Less than two weeks after fate (with help from the Israelis) dispensed a sorely-needed taste of justice by neatly eliminating terrorist extraordinaire Imad Mughniyeh, another prime example of the worst of humanity has apparently been set free.
Jaber Elbaneh is one of the FBI’s 26 “most wanted” terrorists. He showed up at court with body guards Saturday in Yemen, attending his trial with 22 warped cohorts. Later, according to witnesses, he walked out a free man.
Jaber had been sentenced to 10 years for his part in a series of attacks in Yemen in 2006. He and the aforementioned cohorts also broke out of jail earlier this month, digging a little rat hole to a nearby mosque.
Clearly, though, not Muggie. There was a pretty reprehensible guy. And his death came as a special reason for celebration as far as I am concerned. Watching the story run repeatedly on the news, I frequently saw a familiar image – that of an airline pilot leaning out of the cockpit, a gun to his head and a hand clapped over his mouth. And who planned and led that attack? You guessed it: Muggie.
That was probably Muggie’s most famous handiwork – the hijacking of TWA flight 847. Aside from 9/11, it’s the most vivid illustration of terrorism that resides in my memory. But it isn’t that particular photo I see in my mind’s eye. Instead, I see a photo of a young Navy Hero – SW-2 Robert Dean Stethem. On June 14th, 1985, Muggie and his friends beat the young Navy hero, shot him in the back of the head, and dumped his body out on the tarmac like so much garbage. He was 23. That is what I see when I hear Imad Mugniyeh’s name. And that is why I couldn’t be happier that the S.O.B. is dead. Blowing him up was probably way too good for him, but I’ll take it.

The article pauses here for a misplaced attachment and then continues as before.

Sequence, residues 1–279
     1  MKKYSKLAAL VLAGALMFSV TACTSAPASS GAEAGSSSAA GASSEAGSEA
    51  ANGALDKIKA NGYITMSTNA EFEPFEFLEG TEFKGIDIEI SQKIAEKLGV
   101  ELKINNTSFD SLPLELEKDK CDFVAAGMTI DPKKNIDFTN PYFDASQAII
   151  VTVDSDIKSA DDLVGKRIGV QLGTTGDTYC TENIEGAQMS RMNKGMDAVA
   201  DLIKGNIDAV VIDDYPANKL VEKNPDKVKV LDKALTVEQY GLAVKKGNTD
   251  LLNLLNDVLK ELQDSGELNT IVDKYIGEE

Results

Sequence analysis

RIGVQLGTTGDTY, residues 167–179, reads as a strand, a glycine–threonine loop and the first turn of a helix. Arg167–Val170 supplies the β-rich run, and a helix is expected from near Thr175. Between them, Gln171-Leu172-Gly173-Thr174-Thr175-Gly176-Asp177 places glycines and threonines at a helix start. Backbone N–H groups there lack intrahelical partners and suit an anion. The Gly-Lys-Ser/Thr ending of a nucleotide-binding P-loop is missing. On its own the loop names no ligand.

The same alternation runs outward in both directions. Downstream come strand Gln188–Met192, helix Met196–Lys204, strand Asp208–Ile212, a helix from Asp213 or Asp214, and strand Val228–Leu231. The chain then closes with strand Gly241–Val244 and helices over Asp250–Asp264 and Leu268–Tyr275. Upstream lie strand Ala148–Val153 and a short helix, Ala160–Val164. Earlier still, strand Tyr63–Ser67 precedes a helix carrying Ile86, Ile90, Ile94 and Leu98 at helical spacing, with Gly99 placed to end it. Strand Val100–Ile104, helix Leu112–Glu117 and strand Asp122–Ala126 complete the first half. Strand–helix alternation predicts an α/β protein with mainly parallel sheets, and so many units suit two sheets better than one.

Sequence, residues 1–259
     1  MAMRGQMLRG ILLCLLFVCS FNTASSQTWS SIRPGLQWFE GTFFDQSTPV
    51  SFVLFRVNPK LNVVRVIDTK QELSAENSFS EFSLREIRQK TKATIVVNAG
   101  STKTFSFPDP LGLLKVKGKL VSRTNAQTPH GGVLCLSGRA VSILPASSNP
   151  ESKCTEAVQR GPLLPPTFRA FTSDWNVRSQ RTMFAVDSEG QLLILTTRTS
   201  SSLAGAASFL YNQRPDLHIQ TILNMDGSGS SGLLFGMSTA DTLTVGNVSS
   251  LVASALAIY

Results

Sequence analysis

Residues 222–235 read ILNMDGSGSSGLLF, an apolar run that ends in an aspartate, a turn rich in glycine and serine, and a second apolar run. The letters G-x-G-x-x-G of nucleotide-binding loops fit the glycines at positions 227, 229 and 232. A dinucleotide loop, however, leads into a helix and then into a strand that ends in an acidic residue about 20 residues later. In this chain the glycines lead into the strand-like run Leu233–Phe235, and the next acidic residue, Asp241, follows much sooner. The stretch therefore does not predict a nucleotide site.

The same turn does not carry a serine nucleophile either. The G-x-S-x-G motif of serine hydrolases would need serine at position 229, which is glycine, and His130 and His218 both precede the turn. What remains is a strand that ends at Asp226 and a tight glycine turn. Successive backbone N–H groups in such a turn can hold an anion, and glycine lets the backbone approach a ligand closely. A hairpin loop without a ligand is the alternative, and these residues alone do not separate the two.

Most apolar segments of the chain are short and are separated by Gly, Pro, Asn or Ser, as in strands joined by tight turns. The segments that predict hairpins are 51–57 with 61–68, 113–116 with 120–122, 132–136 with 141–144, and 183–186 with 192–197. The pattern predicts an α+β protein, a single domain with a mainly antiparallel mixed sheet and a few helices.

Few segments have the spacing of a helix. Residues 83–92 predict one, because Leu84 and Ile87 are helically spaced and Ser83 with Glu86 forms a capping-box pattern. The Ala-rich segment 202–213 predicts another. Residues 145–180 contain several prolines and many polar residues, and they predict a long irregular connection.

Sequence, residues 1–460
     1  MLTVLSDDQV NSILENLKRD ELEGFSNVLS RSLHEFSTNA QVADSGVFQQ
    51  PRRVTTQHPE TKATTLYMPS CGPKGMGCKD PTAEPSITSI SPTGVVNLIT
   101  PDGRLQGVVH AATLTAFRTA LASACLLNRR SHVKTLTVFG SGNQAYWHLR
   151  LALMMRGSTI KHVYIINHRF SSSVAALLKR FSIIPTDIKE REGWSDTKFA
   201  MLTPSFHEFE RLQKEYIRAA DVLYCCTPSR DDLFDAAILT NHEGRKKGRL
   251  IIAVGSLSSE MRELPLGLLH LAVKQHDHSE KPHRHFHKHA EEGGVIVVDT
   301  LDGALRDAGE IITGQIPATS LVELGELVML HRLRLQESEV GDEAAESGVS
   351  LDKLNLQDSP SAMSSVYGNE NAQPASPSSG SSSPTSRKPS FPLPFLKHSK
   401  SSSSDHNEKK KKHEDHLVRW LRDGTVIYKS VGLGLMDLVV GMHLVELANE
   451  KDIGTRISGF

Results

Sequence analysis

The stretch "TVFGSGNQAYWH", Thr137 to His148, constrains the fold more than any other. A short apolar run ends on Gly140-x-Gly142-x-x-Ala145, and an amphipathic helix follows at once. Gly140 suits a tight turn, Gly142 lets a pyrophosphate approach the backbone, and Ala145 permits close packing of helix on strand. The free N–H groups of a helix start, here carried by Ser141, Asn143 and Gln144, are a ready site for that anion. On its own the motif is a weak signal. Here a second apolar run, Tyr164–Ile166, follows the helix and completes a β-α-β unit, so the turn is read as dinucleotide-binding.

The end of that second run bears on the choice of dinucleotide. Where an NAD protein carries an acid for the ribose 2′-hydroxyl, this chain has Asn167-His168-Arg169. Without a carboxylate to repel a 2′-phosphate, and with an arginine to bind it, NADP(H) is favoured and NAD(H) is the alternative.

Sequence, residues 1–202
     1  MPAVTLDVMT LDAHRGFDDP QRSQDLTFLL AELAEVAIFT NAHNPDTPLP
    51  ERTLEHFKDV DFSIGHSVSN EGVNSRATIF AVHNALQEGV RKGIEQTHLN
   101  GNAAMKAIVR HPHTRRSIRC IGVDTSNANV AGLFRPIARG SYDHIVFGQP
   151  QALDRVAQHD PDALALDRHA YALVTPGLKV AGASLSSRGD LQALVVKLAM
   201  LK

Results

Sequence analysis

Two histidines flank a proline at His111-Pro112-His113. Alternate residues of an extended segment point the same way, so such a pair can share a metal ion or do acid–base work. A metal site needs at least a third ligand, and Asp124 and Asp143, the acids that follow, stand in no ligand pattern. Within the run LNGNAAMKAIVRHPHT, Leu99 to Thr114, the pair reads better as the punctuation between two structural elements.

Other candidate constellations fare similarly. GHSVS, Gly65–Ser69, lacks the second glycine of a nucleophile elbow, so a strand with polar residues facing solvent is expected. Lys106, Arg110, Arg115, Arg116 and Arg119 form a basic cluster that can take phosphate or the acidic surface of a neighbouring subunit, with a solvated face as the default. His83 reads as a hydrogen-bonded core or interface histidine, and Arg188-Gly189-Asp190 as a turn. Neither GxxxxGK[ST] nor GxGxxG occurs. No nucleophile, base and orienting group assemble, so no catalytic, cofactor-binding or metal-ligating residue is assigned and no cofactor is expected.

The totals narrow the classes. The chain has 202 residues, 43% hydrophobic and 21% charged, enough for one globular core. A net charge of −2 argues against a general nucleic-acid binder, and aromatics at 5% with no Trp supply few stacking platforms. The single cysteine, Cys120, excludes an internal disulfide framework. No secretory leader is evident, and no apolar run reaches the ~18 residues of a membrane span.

Sadly, Elbaneh isn’t dead; he’s free. Strange that Yemen would free him, considering the attacks he planned were in Yemen. There’s also the matter of a $5 million reward being offered by the FBI for information leading to his arrest. Odd that we’d throw around that kind of money to get a hold of someone who (according to Yemen, at least), doesn’t seem to be a threat. Elbaneh’s wanted here for “providing material support to a terrorist organization and conspiring to provide material support, specifically to Al-Qaeda.”
Not for nothing, but you’d think Yemen would know better. I seem to recall a little incident taking place there. You know, a ship, big hole blown in the side of it, seventeen brave U.S. military personnel killed… then again, you’d think we’d know better than to let it go. I thought we meant what we said when we said we’d hunt terrorists down wherever they were. I seem to recall our president further stating that if countries harbored terrorists, they were no better than terrorists. Apparently, to borrow a phrase from Roger Clemens, I am ‘misremembering.’
One of the biggest difficulties that we have had in this war on terror is that we’re finding few true allies. Either because of fear of reprisal, or because their government is already held hostage to political correctness, most other countries are refusing to fully confront the threat posed by Islamic extremism. Many are denying there is a threat – at least, to anyone other than the U.S.